Reciprocating his father's love
Once a wayward teenager, Richard Ashworth, 67, was glad to be given a second chance when his foster father John Ashworth took him in at the age of 21. He showed Richard everyone can transform with love and patience, taught him the values and meanings of life, helped him regain his self-confidence which later guided him in his career and his pursuit on his interests – sculpting and deejaying.
Richard knew he could not be who he is without John who is now 88. John was diagnosed with colon cancer more than 20 years ago, Richard knew this was his chance to repay John’s kindness. He stopped working and became John’s full-time caregiver. They relied on his savings and John’s pension for subsistence. Later, John was diagnosed with dementia. Richard had to hire extra help to care for him but his dedication continues.
Caring for a person living with dementia is challenging. There are good days and bad. There were dark days when Richard toyed with the thought of ending it all for both of them, but when he looked at John, he was reminded of his heart of gold.
“There was once when he hit me and my teeth fell off. My mouth was filled with blood. I was angry. But I know that he does not know what he was doing. It was his dementia causing him to behave like that. So, I forgave him.”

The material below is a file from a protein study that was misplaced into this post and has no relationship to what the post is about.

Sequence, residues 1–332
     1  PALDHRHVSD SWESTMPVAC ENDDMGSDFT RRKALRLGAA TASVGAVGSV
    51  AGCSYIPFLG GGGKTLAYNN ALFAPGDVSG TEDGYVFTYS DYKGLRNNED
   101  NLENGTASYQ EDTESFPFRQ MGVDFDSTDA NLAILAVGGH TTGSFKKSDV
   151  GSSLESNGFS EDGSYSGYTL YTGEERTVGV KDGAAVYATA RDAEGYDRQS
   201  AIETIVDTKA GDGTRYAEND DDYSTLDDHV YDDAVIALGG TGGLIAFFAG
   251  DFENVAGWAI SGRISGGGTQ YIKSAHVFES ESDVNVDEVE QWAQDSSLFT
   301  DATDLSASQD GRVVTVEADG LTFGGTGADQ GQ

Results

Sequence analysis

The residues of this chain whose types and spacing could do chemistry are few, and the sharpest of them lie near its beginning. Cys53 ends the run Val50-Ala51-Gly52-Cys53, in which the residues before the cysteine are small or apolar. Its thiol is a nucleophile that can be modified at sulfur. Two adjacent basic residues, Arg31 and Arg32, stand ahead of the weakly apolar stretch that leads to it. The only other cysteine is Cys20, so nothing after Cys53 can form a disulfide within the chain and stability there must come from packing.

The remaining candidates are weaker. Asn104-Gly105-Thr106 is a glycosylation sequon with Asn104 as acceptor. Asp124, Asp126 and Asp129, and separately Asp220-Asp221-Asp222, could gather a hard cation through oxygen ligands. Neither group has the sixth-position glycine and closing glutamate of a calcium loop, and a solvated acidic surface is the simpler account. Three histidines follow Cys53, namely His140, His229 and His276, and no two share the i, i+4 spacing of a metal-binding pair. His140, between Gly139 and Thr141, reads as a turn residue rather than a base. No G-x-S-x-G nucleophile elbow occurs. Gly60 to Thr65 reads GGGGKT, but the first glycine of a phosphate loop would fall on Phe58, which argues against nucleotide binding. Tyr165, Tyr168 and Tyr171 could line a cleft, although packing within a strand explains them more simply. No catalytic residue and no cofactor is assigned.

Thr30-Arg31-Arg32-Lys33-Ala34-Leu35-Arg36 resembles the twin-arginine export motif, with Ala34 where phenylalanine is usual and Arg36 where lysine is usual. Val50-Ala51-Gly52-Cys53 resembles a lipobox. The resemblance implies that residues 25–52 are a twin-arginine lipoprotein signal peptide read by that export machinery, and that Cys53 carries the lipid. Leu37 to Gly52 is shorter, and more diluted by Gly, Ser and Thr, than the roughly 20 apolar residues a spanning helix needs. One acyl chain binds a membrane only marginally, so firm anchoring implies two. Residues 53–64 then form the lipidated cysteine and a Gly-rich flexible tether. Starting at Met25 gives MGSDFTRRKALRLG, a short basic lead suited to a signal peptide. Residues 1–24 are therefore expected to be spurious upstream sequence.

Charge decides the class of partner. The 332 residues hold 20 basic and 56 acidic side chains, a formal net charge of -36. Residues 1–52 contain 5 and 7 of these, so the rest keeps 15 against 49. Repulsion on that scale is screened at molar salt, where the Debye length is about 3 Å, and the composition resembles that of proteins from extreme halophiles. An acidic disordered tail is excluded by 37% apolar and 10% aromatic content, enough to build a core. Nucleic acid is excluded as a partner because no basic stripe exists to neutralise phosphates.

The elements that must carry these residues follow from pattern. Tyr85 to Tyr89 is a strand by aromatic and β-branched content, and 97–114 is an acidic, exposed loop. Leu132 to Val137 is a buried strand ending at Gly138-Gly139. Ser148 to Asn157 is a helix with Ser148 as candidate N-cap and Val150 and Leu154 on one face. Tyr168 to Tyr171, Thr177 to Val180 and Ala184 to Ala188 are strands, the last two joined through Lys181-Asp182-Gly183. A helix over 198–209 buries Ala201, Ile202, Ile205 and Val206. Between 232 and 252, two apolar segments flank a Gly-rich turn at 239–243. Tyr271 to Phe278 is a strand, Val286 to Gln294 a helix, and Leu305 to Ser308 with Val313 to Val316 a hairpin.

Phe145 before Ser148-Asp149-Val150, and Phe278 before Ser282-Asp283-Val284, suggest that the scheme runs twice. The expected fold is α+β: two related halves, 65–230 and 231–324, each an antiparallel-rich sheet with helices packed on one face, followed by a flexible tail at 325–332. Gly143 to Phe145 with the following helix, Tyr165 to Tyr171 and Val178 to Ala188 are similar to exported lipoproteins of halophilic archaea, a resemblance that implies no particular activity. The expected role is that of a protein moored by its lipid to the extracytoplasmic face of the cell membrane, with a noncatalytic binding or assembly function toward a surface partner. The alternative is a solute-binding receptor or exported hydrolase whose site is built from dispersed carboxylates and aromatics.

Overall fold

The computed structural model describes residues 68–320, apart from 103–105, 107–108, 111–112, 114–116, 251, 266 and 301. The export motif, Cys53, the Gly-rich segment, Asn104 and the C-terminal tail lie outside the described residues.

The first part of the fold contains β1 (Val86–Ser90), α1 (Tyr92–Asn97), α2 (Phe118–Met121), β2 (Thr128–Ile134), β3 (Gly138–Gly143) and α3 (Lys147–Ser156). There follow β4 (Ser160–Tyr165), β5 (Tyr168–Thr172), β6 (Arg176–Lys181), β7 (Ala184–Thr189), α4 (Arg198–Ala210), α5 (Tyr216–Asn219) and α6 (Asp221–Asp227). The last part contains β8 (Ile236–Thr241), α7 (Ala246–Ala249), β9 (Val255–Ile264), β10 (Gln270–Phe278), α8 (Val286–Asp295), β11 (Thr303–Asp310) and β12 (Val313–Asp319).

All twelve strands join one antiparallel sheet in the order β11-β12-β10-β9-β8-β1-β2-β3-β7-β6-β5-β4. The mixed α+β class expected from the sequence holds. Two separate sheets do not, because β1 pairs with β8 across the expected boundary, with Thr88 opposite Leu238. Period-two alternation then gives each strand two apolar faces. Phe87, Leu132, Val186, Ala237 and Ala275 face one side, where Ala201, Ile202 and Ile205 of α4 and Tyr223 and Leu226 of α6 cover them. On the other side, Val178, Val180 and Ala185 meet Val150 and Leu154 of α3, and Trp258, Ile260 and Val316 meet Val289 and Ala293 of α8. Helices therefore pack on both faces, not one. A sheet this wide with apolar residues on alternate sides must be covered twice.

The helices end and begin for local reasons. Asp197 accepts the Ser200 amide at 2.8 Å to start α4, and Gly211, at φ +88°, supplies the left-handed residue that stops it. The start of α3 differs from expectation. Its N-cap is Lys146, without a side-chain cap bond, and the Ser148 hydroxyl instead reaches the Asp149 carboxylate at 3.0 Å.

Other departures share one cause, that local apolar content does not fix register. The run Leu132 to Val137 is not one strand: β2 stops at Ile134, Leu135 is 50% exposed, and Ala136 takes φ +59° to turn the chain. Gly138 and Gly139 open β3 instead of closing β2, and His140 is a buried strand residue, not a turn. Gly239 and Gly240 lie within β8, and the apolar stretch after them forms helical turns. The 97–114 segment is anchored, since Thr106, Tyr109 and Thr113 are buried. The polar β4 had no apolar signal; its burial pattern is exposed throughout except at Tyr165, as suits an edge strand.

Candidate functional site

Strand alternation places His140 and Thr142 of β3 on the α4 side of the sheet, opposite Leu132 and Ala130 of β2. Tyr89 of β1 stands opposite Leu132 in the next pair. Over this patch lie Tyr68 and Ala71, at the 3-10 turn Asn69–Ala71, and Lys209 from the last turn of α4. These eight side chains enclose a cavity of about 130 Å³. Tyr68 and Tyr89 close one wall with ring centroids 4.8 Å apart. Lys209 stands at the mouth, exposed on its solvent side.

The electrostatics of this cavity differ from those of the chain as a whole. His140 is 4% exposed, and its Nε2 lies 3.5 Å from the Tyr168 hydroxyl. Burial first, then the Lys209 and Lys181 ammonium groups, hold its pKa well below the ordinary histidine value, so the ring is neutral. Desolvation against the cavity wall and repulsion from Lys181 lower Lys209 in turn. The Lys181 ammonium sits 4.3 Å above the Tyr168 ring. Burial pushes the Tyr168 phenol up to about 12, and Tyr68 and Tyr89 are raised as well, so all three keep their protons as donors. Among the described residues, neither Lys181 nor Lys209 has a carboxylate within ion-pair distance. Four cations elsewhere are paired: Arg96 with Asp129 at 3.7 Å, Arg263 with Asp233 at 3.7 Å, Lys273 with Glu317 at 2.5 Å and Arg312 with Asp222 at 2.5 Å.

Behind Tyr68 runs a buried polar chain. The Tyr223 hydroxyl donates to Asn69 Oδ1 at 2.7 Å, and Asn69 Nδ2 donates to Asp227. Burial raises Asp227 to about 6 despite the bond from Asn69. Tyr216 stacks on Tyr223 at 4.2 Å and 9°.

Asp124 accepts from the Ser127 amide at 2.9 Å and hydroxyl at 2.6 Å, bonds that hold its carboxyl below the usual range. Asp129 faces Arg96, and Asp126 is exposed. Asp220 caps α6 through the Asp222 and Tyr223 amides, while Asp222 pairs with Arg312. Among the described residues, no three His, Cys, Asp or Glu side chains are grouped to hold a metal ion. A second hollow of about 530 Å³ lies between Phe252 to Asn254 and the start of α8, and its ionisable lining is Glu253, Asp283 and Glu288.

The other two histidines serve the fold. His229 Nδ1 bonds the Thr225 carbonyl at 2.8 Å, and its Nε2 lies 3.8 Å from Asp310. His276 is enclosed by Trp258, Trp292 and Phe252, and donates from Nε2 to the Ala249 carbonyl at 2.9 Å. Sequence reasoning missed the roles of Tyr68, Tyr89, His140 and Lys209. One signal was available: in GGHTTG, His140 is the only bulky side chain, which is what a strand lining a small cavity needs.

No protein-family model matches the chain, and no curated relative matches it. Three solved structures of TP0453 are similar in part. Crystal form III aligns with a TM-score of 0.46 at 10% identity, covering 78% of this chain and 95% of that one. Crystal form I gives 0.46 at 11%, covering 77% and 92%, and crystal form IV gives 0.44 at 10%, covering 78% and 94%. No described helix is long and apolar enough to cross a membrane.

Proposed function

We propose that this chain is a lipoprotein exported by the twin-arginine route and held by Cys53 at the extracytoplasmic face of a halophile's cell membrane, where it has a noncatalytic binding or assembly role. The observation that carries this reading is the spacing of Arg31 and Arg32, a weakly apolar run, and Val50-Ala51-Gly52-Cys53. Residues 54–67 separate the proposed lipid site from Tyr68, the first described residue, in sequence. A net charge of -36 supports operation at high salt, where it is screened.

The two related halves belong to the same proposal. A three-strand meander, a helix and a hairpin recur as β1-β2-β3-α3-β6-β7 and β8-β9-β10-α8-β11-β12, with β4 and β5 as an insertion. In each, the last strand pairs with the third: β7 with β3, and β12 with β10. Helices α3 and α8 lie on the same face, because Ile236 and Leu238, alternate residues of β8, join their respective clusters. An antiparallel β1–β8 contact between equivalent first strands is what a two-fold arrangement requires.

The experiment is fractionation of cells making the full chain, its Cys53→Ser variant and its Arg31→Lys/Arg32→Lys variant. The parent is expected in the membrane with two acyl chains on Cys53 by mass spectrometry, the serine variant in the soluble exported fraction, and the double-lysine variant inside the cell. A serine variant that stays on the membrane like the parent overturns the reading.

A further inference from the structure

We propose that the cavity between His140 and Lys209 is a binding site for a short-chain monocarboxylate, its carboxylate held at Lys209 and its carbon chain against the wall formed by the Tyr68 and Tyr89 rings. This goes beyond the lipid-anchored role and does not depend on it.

Days when John is calm and can communicate is a reward for Richard. “Actually, if we know him well enough and is able to satisfy his needs in time, it is actually manageable. Simple gesture like stroking his face helps calm him down. Touch is a very powerful communication tool.”
Therefore, Richard deems sharing John’s behavioural trigger points with the healthcare staff as a paramount preparation on every hospitalisation, which happens often. To Richard, this should be the “family-centred care” that needs to be in place – families need to share the caregiving responsibility even if their loved ones are in the hospital. “With mutual collaborations, caregiving can be easier for everyone,” he said.
John was recently admitted for palliative care in St Luke’s Hospital. “When the nurses speak to him and call him Uncle John, treating him with patience and endearment, I know that they are not doing a job, but they really do care for their patients like their own family. I know my father is in good hands and feels less burdened even if I cannot be by his bedside all day due to COVID-19 regulations.”
Just a week before Christmas, John was discharged, in time to celebrate the festivities at home. “We hope that we can spend many more Christmas together,” said Richard.